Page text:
Diabetes And Gout
The close relationship between type 2 diabetes (also known as diabetes mellitus) and gout has been confirmed by medical experts, and each disorder may be guilty of triggering the other in patients. Certain studies have shown that gout sufferers have a higher risk of developing type 2 diabetes in later life, while others have found that gout sometimes develops in patients already suffering from diabetes. In any case, the fact that there is a link between the two illnesses is undeniable and therefore diabetes sufferers need to be on the look out for gout symptoms, and vice versa.
As a condition that may allow uric acid (also called urate) to build up in the blood, diabetes has been recognized as a possible cause of gout. The poor blood circulation often associated with diabetes means the body is less able to get rid of uric acid. Therefore crystals can collect in the extremities and joints of the body, such the toes and ankles, and cause painful outbreaks of gout. Gout caused by diabetes is often referred to as "secondary gout" and usually occurs in elderly people. Likewise, gout is thought by some researchers to activate the development of diabetes in some patients. One study carried out in the United States found that male gout sufferers in particular are more at risk of contracting type 2 diabetes later in their lives. None of this means that if you suffer from diabetes, gout is definitely going to be part of your future. Nor should gout patients assume that they will be diabetic later on. There are many other risk factors for both conditions, including obesity, diet and genetics. In fact, there is evidence to suggest that 20 percent of gout sufferers have a close relative who also suffers from the condition.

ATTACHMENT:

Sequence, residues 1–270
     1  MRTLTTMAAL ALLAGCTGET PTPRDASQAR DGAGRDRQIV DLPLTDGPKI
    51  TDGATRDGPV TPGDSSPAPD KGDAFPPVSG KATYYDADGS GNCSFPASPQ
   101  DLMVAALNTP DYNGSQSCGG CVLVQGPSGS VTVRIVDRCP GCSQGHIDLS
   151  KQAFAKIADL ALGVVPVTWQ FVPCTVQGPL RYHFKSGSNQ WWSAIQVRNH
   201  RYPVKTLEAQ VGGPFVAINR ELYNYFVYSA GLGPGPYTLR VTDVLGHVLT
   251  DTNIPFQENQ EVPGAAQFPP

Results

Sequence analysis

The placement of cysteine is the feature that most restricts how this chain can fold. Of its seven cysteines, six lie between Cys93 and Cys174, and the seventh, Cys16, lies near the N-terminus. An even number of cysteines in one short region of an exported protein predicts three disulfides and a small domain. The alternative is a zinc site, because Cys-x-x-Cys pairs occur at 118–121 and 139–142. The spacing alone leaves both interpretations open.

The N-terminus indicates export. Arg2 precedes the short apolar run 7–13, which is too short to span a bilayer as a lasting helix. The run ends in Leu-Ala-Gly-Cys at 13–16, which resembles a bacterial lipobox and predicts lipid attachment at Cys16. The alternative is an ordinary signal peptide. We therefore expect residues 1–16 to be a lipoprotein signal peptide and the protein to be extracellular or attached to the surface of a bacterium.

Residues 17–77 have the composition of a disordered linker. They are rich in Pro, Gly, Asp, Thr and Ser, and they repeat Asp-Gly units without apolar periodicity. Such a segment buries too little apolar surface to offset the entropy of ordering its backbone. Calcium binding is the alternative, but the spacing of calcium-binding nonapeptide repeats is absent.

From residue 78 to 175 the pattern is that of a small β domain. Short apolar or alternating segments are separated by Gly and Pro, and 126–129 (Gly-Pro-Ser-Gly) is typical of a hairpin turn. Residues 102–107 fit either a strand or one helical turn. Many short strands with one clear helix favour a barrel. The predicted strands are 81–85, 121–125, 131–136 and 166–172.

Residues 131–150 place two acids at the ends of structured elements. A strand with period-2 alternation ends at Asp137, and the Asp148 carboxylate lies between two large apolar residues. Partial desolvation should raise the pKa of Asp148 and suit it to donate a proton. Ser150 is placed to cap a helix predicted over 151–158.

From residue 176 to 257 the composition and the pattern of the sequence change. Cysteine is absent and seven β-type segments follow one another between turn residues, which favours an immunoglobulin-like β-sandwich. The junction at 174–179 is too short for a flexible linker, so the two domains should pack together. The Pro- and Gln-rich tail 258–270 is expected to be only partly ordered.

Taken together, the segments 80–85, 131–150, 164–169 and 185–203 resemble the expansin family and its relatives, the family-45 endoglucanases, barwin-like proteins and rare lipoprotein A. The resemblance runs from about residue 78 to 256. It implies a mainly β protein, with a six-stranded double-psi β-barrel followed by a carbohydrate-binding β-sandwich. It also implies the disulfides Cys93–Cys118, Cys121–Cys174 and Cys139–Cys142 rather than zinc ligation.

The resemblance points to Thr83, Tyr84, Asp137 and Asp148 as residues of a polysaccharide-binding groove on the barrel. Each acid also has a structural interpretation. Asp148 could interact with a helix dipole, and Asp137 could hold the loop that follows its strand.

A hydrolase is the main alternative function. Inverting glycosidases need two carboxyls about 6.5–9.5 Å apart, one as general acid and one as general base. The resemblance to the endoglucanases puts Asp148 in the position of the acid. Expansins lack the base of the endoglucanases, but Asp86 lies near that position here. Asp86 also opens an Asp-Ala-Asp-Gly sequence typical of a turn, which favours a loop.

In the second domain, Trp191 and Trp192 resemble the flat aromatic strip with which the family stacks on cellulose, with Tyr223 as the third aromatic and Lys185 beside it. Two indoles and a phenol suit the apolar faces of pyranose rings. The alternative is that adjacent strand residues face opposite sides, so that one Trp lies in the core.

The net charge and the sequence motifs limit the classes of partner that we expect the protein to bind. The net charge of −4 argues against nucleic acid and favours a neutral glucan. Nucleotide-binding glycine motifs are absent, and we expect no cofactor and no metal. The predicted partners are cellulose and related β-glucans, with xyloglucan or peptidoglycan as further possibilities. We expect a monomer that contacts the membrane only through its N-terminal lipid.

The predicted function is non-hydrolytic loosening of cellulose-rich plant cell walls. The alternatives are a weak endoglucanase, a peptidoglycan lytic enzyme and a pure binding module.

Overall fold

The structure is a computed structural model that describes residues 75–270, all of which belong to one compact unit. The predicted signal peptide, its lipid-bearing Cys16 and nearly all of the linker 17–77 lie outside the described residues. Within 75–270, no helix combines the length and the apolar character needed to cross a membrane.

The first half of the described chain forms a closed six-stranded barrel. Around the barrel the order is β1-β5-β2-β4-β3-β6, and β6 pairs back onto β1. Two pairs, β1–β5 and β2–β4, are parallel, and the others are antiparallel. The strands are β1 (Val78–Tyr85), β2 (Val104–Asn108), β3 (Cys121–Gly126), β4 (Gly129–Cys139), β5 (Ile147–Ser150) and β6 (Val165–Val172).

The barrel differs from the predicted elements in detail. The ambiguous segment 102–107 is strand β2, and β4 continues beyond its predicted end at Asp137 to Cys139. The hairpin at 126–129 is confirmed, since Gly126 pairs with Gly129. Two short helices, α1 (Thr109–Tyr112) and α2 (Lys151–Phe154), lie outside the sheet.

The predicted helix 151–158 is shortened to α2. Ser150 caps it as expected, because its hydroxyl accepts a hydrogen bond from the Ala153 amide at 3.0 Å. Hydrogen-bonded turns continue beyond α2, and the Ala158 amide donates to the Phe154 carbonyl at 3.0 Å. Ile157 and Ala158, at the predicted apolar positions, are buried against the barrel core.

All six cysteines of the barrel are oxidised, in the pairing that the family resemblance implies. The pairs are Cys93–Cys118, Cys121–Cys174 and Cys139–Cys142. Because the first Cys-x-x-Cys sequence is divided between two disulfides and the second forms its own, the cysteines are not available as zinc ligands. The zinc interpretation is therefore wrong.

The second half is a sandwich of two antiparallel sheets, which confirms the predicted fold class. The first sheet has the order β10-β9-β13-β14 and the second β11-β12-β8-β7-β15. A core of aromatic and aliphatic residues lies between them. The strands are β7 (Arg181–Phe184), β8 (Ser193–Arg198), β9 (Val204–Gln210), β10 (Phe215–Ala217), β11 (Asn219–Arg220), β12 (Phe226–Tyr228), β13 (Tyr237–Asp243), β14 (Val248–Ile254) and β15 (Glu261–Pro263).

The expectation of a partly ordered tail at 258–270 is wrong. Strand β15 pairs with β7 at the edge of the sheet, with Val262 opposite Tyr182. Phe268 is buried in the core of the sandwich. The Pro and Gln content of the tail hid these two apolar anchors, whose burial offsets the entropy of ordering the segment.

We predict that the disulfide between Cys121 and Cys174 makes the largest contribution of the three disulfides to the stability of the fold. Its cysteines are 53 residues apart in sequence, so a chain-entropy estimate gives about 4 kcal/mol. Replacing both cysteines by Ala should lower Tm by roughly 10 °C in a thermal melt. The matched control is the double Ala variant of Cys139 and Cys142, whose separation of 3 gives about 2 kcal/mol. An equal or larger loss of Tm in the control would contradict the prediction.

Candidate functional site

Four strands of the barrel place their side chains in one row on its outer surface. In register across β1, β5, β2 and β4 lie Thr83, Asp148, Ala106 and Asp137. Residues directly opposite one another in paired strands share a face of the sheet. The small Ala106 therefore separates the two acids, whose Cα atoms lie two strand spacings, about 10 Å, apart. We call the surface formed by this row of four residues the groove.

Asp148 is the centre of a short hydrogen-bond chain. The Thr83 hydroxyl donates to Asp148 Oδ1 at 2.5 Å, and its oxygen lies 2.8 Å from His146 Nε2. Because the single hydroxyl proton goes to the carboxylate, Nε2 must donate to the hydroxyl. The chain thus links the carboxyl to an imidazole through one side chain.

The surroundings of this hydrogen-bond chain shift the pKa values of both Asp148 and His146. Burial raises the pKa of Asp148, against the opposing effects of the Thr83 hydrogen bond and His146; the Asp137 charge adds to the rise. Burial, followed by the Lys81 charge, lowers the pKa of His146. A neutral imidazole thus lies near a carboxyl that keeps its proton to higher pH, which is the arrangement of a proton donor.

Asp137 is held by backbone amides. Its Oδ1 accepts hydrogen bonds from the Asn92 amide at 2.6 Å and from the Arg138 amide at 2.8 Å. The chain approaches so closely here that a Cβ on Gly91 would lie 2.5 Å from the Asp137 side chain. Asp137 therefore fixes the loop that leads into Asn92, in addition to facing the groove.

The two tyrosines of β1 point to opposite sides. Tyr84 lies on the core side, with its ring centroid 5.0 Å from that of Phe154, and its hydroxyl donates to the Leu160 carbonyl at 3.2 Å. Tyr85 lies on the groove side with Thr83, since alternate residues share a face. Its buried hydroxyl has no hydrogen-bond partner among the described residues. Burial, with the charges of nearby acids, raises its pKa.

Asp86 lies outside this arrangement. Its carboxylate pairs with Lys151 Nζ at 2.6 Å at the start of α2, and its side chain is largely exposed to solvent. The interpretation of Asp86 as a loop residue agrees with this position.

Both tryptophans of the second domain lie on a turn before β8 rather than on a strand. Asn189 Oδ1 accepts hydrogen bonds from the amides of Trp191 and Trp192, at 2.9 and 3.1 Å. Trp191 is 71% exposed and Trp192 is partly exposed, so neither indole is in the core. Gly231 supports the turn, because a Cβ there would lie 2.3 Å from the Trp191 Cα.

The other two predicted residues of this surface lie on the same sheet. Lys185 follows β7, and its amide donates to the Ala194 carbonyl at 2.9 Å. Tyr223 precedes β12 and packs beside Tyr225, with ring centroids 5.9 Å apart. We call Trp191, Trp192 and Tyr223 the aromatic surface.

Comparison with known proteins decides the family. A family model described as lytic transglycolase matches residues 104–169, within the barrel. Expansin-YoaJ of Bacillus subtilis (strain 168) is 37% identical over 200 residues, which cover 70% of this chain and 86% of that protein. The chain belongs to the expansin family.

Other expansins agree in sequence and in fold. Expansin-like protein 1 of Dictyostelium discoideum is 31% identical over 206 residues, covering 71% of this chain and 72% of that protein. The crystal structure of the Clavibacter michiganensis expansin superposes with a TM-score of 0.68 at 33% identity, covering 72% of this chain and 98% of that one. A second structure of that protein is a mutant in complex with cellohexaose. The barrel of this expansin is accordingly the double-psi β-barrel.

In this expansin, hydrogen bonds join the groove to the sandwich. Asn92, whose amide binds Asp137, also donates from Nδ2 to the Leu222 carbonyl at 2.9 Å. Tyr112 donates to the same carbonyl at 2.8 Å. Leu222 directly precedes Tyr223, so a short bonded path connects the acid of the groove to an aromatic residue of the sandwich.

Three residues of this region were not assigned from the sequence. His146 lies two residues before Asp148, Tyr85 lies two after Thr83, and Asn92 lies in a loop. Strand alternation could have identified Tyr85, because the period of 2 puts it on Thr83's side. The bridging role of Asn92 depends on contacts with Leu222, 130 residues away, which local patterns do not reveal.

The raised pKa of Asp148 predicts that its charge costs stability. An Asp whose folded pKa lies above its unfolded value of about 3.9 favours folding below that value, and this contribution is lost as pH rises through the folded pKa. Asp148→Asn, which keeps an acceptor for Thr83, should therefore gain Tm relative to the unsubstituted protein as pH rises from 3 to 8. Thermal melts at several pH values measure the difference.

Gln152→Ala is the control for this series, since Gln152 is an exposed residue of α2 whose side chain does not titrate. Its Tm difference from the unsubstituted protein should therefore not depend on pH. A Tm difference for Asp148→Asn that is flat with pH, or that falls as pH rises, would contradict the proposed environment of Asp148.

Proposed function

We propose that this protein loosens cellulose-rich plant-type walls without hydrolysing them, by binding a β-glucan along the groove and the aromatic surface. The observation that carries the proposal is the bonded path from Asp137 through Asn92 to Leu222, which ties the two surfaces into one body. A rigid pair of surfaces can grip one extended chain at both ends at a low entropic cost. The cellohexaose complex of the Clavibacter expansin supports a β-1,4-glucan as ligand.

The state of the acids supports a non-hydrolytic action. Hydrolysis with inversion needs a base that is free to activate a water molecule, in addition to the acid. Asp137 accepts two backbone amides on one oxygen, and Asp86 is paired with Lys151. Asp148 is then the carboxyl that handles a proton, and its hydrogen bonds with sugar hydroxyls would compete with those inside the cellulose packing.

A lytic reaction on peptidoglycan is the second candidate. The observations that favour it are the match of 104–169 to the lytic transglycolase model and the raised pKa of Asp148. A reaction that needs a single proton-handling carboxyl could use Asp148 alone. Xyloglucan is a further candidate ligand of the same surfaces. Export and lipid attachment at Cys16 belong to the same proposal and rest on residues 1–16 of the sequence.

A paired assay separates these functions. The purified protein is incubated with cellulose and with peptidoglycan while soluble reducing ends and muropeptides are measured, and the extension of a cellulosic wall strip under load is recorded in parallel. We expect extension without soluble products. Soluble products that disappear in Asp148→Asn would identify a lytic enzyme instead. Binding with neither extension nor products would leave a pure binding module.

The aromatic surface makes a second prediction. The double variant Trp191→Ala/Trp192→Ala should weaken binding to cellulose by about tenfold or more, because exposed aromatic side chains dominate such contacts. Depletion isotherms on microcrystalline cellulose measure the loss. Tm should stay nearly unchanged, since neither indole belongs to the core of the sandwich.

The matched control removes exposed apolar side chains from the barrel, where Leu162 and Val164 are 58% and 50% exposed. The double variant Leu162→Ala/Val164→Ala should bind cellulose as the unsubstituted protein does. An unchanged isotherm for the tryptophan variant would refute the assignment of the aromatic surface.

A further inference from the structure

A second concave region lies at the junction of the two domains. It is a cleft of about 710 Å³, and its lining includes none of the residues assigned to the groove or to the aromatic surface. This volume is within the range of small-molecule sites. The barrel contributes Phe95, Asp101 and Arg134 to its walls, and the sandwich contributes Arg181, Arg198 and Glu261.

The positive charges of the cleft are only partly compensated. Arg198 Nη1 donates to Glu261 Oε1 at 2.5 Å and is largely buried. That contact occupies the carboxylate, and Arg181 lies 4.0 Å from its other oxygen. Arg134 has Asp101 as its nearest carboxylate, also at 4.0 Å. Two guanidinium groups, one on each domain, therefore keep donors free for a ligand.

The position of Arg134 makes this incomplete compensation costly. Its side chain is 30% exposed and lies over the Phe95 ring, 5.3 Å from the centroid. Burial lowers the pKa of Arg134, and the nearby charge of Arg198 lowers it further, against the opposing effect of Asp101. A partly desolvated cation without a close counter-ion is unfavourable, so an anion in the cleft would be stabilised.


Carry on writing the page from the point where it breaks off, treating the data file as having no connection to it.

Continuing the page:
Steps To Take
If you have gout and you want to reduce your risk of becoming diabetic, the good news is that many of the lifestyle changes you make to avoid outbreaks of gout may also contribute to diabetes prevention. These mainly include a sensible, healthy diet, exercise and cutting out alcohol. It makes sense for gout sufferers to have regular glucose tests, which should show any early warning signs of diabetes. If you are a diabetes patient hoping to prevent gout, it is important that you take steps to improve the circulation of blood around your body and prevent that nasty build up of uric acid. Again, a lot can be achieved through regular exercise, as well as drinking plenty of water and eating foods that improve circulation, such as garlic, and herbal remedies like cayenne tincture and ginko biloba. Of course, the best person to advise you about this is your medical practitioner. You should get medical advice before beginning any form of alternative therapy aimed at treating or preventing gout or diabetes.